Mode M2 : (a) Incomptabible (b) No Child Grant Mode M1 IR R U IW W IR R U IW W  X X X X X IR X X X X X R X X X X X U X X X X X X IW X X X X X X W X X X X X X X X X X Table 1. Rules for Comaptibility and Granting Definition 1: Lock A is said to be stronger than lock if the former constrains the degree of concurrency over the latter. In other words, A is compatible with fewer other modes than B is. The order of lock strengths is defined by the following inequations: B

 < IR < R < U = IW < W (1) A higher degree of strength implies a potentially lower level of concurrency between multiple requests. In the following, we distinguish cases when a node holds a lock vs. when a node owns a lock. Definition 2: Node A is said to hold the lock LR in mode MH if A is inside a critical section protected by the lock, i.e., after A has acquired the lock and before it releases it. Definition 3: Node A is said to own the lock LR in mode MO if MO is the strongest mode being held by any node in the tree rooted in node A. 3.2. Granting Lock Modes Our protocol for hierarchical locking with the above lock modes follows a token-based approach but differs from previous approaches in several ways. While previous work relied on a distributed FIFO queue, we combine multiple local queues for incompatible requests. Compatible requests can be served concurrently by the first receiver of the request with a sufficient access mode. Concurrent locks are recorded, together with their access level, as so-called copysets of child nodes whose requests have been granted. This is a generalization of Li/Hudak’s more restrictive copysets [10]. Definition 4: The copyset of a node is a set of nodes simultaneously holding a common lock, which is owned by the parent in a mode stronger than the children’s modes. We derive several rules for locking and specify if concurrent access modes are permissible through a set of tables. These tables not only demonstrate the elegance of the protocol, but they also facilitate its implementation. The next rules govern the dispatching and granting of the lock requests. Rule 2: A node sends a request for the lock in mode MR to its parent if and only if the node owns the lock in mode MO where MO < MR (and MO may be ), or MO and MR are incompatible. Otherwise, the local copyset is updated and the critical section is entered without messages. Rule 3:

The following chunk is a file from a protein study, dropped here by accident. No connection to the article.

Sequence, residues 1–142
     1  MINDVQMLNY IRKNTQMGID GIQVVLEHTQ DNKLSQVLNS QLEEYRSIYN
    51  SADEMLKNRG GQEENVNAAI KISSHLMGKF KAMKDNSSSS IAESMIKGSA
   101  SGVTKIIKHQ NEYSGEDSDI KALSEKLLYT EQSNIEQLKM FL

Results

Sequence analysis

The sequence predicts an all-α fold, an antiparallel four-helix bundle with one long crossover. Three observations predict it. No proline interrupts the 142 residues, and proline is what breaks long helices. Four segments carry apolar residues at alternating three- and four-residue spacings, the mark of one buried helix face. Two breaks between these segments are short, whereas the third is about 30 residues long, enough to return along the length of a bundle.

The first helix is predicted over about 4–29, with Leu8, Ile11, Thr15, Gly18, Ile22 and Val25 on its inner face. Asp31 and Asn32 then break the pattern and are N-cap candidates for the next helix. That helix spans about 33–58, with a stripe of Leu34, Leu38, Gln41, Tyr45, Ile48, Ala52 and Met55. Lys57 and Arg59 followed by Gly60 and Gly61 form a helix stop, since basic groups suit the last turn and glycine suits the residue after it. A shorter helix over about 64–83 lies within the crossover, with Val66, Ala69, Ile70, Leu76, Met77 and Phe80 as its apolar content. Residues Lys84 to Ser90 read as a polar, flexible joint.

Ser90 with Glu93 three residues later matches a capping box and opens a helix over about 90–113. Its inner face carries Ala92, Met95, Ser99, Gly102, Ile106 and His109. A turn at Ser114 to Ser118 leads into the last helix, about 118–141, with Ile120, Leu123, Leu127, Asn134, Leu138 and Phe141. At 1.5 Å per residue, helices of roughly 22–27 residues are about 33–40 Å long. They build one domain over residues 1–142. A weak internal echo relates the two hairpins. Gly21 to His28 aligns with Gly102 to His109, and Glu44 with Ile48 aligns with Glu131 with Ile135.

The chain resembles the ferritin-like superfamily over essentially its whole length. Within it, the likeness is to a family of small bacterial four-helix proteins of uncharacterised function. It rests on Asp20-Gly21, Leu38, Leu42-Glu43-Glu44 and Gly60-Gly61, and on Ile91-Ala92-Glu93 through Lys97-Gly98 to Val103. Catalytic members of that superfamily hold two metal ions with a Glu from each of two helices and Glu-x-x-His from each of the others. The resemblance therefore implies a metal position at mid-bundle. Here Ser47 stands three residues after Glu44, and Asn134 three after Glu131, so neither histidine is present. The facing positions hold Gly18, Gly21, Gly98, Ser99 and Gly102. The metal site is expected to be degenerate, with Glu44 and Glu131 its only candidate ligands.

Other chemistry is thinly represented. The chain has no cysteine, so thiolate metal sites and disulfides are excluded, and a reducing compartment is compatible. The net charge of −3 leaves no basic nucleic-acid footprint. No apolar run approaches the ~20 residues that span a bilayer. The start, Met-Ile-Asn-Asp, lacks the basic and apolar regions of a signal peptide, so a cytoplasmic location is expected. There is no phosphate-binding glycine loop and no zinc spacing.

1. A non-token node holding LR in mode MO can grant a request for LR in mode MR if MO and MR are compatible and MO  MR . 2. The token node owning LR in mode MO can grant a request for LR in mode MR if MO and MR are compatible. The operational protocol specification further requires: in case 1: that the requester becomes a child of the node; in case 2: if modes are compatible and if MO < MR , the token is transferred to the requester. The requester becomes the new token node and parent of the original token node. If MO  MR , the requester receives a granted copy from the token node and becomes a child of the token node. (See Rule 4 for the case when MO and MR are incompatible.) Tab. 1(b) depicts legal owned modes M1 of non-token nodes for granting a mode M2 according to Rule 3, indicated by the absence of an X . For the token node, compatibility represents a necessary and sufficient condition. Thus, access is subject to Rule 1 in conjunction with Tab. 1(a). When a node issues a request that cannot be granted right away due to mode incompatibility, Rule 4 applies: Rule 4: 1. If a non-token node with pending requests for mode M1 cannot grant a new request for M2 , it either forwards (F) the request to its parent or locally queues (Q) according to Tab. 2(a). 2. If the token node cannot grant a request, it will queue the request locally regardless of its pending requests. Rule 4 is supplemented by the following operational specification: Locally queued requests are considered for granting when the pending request comes through or a release message is received. The aim here is to queue as many requests as possible to suppress message passing overhead without compromising FIFO ordering. The following rule governs the handling of lock releases. Rule 5: 1. When the token node releases a lock or receives release from one of its children, it considers the locally queued requests for granting under constraints of Rule 3. 2. When a non-token node A releases a lock or receives a release in some mode MR , it will send a release message to its parent only if the owned mode of A is changed (weakened) due to this release. The first part of this rule ensures queued locks are served upon a release based on local queues instead of a distributed queue employed in [14]. The second part results in release messages to the root of the copyset if necessary, i.e., when modes change. Overall, this protocol reduces the number of messages compared to a more eager variant with immediate notification upon lock releases. In our approach, one message suffices, irrespective of the number of grandchildren.